St. Stephen was the first of the seven deacons chosen by the Holy Apostles to help them minister to the Faithful of the Church, and the story of his martyrdom is related in the 6th and 7th chapters of the Acts of the Apostles. He is considered the first, or “proto,” martyr and died exactly one year after Pentecost. He was a kinsman of a young man Saul, who stood by as he was stoned to death by the Jewish elders. Those of the Sanhedrin who questioned him before they sentenced him to death, saw his face shining with the Glory of God “like the face of an angel,” yet they were unmoved with pity or understanding. He was condemned for telling the truth, and revealing it in their presence as His Master.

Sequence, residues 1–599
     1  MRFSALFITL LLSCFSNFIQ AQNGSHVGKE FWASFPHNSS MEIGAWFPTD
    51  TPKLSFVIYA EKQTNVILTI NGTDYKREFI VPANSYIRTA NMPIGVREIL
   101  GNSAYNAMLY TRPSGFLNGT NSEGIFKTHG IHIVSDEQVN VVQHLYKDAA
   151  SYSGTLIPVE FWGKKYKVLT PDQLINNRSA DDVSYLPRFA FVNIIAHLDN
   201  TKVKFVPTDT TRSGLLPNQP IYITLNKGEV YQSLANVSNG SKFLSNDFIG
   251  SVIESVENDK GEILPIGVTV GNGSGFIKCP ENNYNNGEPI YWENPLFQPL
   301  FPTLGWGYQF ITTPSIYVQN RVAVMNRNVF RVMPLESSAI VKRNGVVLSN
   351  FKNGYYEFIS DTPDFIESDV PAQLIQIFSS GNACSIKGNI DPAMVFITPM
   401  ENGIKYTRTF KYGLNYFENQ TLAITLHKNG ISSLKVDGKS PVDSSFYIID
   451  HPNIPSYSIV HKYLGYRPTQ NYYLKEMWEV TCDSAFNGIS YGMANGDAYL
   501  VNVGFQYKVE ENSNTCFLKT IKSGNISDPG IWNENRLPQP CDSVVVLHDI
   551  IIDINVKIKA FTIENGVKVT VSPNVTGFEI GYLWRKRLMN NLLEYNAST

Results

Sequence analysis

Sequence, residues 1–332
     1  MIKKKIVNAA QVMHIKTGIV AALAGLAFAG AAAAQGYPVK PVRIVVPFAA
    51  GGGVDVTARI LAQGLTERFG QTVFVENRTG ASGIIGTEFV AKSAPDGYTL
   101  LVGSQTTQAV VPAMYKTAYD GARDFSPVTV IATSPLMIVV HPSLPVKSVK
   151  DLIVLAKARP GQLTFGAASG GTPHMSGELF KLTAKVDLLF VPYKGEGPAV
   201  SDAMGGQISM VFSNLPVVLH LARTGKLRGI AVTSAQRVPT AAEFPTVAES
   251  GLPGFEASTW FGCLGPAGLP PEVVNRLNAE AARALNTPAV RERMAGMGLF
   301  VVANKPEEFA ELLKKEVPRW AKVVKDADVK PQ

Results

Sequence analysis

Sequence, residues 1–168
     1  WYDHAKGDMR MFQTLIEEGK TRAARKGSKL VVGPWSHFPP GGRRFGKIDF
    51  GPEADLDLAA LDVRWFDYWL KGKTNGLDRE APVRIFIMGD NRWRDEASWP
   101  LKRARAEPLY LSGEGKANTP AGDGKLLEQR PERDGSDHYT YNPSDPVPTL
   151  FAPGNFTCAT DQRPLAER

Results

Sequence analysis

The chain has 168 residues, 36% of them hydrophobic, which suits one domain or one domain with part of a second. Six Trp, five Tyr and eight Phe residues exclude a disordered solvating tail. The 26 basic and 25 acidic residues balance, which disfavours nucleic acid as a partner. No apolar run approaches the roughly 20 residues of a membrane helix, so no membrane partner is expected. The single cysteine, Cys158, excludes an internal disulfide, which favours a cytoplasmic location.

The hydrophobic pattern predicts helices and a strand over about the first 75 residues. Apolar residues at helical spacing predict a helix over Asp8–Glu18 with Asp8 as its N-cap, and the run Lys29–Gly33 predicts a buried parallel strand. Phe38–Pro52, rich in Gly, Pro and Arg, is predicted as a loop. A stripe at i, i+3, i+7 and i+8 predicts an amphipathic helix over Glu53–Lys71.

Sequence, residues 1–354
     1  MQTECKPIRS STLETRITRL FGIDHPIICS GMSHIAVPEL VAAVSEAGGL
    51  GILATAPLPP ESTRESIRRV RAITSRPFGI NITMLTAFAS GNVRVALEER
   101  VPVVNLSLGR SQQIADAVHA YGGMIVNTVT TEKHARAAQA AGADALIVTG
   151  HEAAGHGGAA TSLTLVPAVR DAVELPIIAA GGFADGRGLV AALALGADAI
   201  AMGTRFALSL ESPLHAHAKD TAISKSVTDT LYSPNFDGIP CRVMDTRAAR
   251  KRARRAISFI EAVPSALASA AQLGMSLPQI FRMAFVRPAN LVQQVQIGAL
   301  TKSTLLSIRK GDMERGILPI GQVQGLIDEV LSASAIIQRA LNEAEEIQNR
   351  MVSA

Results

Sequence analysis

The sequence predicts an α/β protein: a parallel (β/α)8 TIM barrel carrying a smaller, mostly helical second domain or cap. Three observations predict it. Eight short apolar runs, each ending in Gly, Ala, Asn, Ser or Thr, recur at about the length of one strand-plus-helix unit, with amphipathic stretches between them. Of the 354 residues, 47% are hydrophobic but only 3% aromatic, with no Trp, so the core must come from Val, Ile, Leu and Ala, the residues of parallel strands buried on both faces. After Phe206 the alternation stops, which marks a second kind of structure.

There is a church today dedicated to him over the rocks that he died on in what was outside the gates of Jerusalem. In this icon he is dressed as a deacon in his vestments while serving in the church, holding a representation of a church in his left hand, while he censes with a golden censer with his right hand. After St. Stephen died, Gamaliel, who was St. Paul’s teacher and respected member of the Sanhedrin, took his body and buried it on his land.